Stem Cells hold incredible potential to heal and regenerate tissues due to the fact that they retain capabilities to become a variety of more specific types of functional cells and tissues. For neural tissue engineering, the goal is not only to restore neurons, but also the framework of neural networks and the essential neural-supportive astroglial cells. Guiding cells to achieve the intended goal of survival, proliferation, differentiation, and network formation is a difficult challenge, but many recent promising advancements have placed this goal within our grasp. The Institute has optimized techniques for deriving 3D neuronal cells from iPSCs of patients' skin cells. The process involves several steps, including reprogramming and passaging of pluripotent stem cells, formation of spherical aggregates of stem cells, induction of 3D neurospheres, and the formation of differentiated neuronal subtypes in 3D tissue organoids (Figure 1) .
Figure 1(a-d): Perhaps resembling the astronomical creations of the universe suspended in the voids of empty space, these images show the wondrous process of human neural tissue differentiating from stem cells: (a) Thousands of induced pluripotent stem cells on a 2D surface, (b) Spherical aggregates of stem cells, (c) 3D neurospheres, (d) 3D differentiated neural tissue showing neuroepithelial formation and early neural differentiation with many thin neurite processes extending from the organoid. [Images by Dr. Richard McMurtrey]
The concept and existence of stem cells was first recognized by Alexander Friedenstein, a Soviet scientist working on potential treatments for people exposed to high radiation doses at a time when nuclear exposure was at the forefront of many people’s minds. Following the earlier work of Alexander Maximov, a Soviet scientist and physician who in 1909 had proposed that all blood cells had a common lineage from a “Stammzelle,” or “stem cell” , Friedenstein found that unique cells could proliferate into a variety of blood cell types [3-4]. Many characteristics of stem cells were later described by yet another Soviet scientist and physician, Joseph Chertkov, who elucidated that different types of stem cells could exist and that they could be affected in their differentiation by their local environment and position within tissue .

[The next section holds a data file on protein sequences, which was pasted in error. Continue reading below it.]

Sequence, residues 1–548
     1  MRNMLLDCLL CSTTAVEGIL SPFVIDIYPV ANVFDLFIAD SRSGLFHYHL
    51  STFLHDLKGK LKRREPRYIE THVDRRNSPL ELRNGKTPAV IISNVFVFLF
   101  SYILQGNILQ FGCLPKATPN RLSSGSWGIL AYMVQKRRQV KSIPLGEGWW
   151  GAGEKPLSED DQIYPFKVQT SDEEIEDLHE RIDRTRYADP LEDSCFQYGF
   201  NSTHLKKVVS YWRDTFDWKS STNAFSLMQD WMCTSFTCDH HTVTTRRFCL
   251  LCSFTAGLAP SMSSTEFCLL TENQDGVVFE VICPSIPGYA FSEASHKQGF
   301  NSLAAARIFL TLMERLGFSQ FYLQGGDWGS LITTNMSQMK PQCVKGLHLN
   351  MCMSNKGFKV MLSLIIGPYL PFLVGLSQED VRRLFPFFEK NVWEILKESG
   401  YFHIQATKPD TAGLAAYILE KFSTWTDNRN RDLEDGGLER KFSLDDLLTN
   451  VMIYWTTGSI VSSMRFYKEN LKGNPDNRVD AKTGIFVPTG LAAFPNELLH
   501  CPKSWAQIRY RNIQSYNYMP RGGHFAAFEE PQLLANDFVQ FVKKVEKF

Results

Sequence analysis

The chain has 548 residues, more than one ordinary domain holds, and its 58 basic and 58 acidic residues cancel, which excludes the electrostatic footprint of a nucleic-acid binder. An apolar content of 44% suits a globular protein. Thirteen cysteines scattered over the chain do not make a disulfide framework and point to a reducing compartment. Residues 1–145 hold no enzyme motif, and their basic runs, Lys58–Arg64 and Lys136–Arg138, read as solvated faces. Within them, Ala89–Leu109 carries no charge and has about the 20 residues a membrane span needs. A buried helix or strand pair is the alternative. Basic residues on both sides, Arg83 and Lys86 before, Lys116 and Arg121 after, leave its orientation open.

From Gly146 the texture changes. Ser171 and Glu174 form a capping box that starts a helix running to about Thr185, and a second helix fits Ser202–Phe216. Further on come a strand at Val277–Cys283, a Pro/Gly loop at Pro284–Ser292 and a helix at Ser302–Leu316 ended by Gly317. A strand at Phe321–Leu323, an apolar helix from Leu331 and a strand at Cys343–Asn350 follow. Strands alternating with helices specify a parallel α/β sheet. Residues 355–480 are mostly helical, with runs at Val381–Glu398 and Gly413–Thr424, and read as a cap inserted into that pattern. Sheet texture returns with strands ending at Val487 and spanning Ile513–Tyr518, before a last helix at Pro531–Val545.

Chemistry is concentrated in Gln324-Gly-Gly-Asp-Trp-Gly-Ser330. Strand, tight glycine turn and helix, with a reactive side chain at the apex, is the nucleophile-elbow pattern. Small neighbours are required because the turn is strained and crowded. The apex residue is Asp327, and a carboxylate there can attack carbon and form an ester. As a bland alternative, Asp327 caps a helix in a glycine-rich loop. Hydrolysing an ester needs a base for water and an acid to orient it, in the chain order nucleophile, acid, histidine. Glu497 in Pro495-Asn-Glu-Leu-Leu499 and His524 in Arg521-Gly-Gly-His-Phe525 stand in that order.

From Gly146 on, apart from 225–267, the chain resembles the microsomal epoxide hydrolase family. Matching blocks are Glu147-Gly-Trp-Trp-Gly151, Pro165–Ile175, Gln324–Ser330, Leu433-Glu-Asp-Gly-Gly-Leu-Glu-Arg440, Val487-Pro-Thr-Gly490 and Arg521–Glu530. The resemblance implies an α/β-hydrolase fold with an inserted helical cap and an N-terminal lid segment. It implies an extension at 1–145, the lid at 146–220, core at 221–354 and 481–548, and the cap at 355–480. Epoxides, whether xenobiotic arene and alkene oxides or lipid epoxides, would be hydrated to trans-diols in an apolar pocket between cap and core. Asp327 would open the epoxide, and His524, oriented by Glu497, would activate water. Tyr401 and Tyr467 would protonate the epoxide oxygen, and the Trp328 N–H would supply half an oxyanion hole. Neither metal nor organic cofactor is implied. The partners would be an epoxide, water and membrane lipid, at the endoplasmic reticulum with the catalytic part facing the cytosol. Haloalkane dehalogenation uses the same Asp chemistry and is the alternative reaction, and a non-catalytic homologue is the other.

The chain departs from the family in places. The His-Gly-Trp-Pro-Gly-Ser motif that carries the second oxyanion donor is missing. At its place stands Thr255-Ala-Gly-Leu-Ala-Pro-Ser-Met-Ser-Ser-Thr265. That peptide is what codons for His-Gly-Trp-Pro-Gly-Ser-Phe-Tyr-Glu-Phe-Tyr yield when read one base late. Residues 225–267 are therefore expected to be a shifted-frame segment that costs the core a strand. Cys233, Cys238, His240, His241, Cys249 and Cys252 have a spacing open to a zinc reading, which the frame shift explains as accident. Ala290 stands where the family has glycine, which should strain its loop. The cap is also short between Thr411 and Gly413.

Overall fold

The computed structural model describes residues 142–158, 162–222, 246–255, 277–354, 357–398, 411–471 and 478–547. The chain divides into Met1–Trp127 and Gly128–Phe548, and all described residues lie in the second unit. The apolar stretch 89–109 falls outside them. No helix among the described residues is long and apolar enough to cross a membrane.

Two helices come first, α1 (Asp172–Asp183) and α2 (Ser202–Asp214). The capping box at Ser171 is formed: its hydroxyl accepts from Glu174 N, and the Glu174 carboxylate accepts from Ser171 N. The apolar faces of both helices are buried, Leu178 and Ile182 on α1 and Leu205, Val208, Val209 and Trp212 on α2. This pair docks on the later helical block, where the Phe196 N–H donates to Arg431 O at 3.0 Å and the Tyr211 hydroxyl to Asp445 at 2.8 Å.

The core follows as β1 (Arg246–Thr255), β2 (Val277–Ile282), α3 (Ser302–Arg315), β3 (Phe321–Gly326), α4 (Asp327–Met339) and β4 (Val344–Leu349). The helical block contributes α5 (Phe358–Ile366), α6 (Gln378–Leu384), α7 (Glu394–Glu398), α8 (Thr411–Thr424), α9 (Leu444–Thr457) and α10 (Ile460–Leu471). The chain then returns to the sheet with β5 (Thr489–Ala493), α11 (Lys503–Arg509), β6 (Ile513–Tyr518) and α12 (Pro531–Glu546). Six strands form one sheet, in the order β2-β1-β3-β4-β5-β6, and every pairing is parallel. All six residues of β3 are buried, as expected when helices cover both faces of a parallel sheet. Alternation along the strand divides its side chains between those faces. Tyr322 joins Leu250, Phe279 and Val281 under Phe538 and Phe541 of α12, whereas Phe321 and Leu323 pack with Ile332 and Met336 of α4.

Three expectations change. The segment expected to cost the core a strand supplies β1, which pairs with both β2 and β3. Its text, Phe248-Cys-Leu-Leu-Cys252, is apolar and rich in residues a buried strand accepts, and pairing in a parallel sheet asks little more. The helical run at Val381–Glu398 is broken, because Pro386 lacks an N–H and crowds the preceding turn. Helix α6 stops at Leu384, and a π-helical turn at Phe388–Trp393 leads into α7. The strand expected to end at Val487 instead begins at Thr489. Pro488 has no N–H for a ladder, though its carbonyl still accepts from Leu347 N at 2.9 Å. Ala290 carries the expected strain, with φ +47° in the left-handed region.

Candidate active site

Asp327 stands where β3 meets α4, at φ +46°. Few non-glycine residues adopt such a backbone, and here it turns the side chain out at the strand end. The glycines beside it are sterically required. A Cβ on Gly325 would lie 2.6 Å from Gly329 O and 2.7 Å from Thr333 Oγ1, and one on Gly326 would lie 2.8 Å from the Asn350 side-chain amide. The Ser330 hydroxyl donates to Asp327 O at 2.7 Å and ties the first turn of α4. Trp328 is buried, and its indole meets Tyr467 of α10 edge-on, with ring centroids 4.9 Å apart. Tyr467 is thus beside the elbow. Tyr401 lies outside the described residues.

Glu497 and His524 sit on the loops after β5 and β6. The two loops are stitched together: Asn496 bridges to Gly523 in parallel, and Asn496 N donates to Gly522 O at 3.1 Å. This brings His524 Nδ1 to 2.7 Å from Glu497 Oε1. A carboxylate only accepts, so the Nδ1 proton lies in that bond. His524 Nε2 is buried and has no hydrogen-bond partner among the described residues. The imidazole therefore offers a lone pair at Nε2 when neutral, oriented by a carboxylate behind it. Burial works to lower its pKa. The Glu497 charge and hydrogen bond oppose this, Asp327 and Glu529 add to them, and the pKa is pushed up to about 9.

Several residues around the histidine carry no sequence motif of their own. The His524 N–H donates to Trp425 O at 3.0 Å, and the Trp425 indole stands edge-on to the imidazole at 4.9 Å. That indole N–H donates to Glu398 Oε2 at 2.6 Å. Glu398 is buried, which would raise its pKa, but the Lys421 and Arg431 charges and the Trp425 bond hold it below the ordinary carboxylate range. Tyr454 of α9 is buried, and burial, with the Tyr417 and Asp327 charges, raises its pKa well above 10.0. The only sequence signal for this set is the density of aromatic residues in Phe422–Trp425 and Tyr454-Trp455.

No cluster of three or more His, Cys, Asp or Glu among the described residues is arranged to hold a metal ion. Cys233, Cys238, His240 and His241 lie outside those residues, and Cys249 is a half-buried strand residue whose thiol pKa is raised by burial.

Many types of cells hold potential for beneficial use in neural regeneration, including embryonic stem cells (ESC), induced pluripotent stem cells (iPSC), endogenous stem cells, or possibly even more mature cell types, but each of these has certain advantages and disadvantages, which are only briefly discussed here. Embryonic stem cells retain the ability to become any type of cell in the body, but must be dissociated from an embryo in its early stages, raising many ethical concerns. Fortunately, iPSCs can also become any cell in the body and they may be induced from a variety of cell types (such as skin or blood) to become neuroglial progenitor cells, meaning that a patient may provide stem cells from his or her own body. The ability to produce iPSCs was first demonstrated in 2006 with mice fibroblasts , and a year later with human fibroblasts . It has now been shown that human iPSCs can be made into a variety of neural cells capable of forming functional synapses , thus demonstrating much promise for future approaches in neural tissue engineering to cure injuries and diseases like stroke, spinal cord injury, traumatic brain injury, movement disorders, and neurodegenerative diseases [9-10].